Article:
"Tell me and I forget. Teach me and I remember. Involve me and I learn"
Fake News! Fake News!
Posted On April 7, 2021
In my EDTC 300 class, we discussed fake news. We participated in a game where we had to decide if accounts are trolls or not. I was surprised when I got a majority of them wrong. I have heard many times, never trust what you see on the internet, so I was expecting myself to be able to get all of the troll accounts right. From this class, I have learned how to maneuver and identify fake news. Now I have the obligation to teach my future class about digital literacy and how to combat fake news. However, I need to remember my own biases and how they can come into play with fake news. As stated above I was quick to believe that I would be able to recognize fake news, but I was not. This showed me bias can be integrated into any aspect that is presented to me. “Why Do People Fall for Fake News?” covers the idea of biases being one of the reasons people fall for fake news. They cover implicit and confirmation bias. Implicit biases are where individuals have the tendency to trust people that would be considered in the same group as themselves. Confirmation bias is where people believe posts, news, and articles that uphold their own personal beliefs. I have personally fallen victim to both of these biases and I want to remember that I need to keep my biases out of the classroom.
Digital Literacy in the Kindergarten
I have mostly worked with younger students, from the grade range of kindergarten to grade four. For my internship, I worked in a kindergarten classroom, so I thought I would give my take on how I can integrate discussions about digital literacy and fake news on the internet. Integration of digital literacy is mainly considered for older grades that are already participating in social media. I think that for kindergarten the decision would not be on how to use the internet and interact, but to recognize how to be safe while on electronic devices.
From the article, “How do we teach students to identify fake news?”, the authors address different ways that educators can discuss fake news with students. What stood out to me was how they ended the article. They said that “it is critical that students are taught to approach the world around them with a healthy sense of skepticism to avoid being misled, duped, or scammed,”. This is what I believe is the main importance of teaching about digital literacy and fake news. Students need to have a great understanding of what is wrong and right. However, over the internet, there can be misleading information that can confuse individuals on which is right or wrong. For kindergarten, I would address the safety concerns of being on the internet and how to approach them. For example, strangers over the internet. Most times students receive the stranger danger talk about interacting with strangers face-to-face and do not discuss strangers over the internet.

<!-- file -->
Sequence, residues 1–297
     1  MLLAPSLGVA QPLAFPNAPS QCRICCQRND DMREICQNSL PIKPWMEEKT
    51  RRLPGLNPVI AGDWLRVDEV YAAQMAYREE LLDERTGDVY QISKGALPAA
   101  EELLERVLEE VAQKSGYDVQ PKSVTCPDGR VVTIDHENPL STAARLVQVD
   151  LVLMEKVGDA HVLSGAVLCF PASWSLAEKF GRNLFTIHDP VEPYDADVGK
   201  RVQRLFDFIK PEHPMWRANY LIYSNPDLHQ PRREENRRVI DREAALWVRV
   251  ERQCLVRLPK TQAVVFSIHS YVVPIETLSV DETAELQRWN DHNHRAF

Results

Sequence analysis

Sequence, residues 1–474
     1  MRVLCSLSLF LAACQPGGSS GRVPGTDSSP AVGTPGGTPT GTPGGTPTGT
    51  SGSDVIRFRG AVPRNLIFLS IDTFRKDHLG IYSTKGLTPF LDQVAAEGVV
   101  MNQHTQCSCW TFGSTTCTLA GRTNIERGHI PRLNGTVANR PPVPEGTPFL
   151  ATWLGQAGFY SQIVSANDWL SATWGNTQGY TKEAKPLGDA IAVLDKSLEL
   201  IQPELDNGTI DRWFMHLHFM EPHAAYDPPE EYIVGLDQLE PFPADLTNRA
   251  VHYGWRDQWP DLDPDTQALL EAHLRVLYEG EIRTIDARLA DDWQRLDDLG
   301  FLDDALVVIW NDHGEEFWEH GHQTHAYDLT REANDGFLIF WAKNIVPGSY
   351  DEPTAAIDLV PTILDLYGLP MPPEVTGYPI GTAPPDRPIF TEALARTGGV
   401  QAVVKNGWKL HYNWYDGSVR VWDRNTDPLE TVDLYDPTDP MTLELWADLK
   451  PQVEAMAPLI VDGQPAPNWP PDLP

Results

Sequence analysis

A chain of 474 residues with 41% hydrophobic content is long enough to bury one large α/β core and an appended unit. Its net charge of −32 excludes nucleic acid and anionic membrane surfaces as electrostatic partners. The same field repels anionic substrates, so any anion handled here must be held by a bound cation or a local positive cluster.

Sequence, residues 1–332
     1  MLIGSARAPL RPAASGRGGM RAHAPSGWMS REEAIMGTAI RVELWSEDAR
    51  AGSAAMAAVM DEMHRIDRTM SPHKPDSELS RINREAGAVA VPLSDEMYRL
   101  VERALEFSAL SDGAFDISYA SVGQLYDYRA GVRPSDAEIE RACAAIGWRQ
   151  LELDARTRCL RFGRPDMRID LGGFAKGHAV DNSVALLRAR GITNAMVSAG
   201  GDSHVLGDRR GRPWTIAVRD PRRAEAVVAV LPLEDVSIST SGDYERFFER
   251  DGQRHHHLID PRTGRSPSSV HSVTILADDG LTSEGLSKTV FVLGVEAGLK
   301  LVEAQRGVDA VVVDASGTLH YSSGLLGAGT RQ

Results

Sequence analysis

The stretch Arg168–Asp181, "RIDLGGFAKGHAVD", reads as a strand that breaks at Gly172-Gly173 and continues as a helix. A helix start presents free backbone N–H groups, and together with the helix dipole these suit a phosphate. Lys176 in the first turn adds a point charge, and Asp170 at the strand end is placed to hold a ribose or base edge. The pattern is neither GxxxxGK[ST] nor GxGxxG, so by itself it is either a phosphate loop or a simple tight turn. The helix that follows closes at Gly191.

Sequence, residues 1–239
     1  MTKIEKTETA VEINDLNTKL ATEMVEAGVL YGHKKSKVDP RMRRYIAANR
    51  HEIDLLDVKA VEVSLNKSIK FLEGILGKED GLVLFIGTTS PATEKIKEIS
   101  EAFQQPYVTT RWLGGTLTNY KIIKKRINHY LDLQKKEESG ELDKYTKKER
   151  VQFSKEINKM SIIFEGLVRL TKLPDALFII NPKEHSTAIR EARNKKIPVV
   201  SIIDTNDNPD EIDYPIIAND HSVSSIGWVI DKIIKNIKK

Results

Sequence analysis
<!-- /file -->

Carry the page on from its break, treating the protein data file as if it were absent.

Fake news would be a harder topic to cover in kindergarten, but not impossible. This discussion would surround the idea of not believing everything on the internet. You could even complete a lesson about analyzing images or websites from the internet. I would personally make my own crazy headlines/articles and go through them with students. Since most students in Kindergarten are at the beginning stage of reading, they would rely heavily on the images. In the article “What’s News: Fake, False, Misleading, Clickbait, Satire, or Carefully Reported?“, the author states that one part of being critical possibly misleading information is to analyze the picture. I would create unrealistic headlines and let the students think about if the picture fits the headline as a possible lesson about fake news.
I thought I would include some Kindergarten outcomes that could be used to discuss safety and digital literacy.
USCK.2Establish behaviors that support the safety of self and others (including safety at school and at home).
APK.1Demonstrate, with guidance, initial steps for developing basic health habits, establishing healthy relationships, supporting safety, and exploring “self”.
Develop the language with which to wonder and talk about safety.
Recognize “safe” and “unsafe” behaviours and situations (e.g., taking turns, wearing weather-appropriate clothing, playing in designated areas, walking alone).
Examine what to do if the safety of self or others may be/is jeopardized (e.g., tell a trusted adult, leave, plan ahead).
Practise healthy habits related to:exploring “self”healthy choicesplaying safely at home or at schooldeveloping relationships.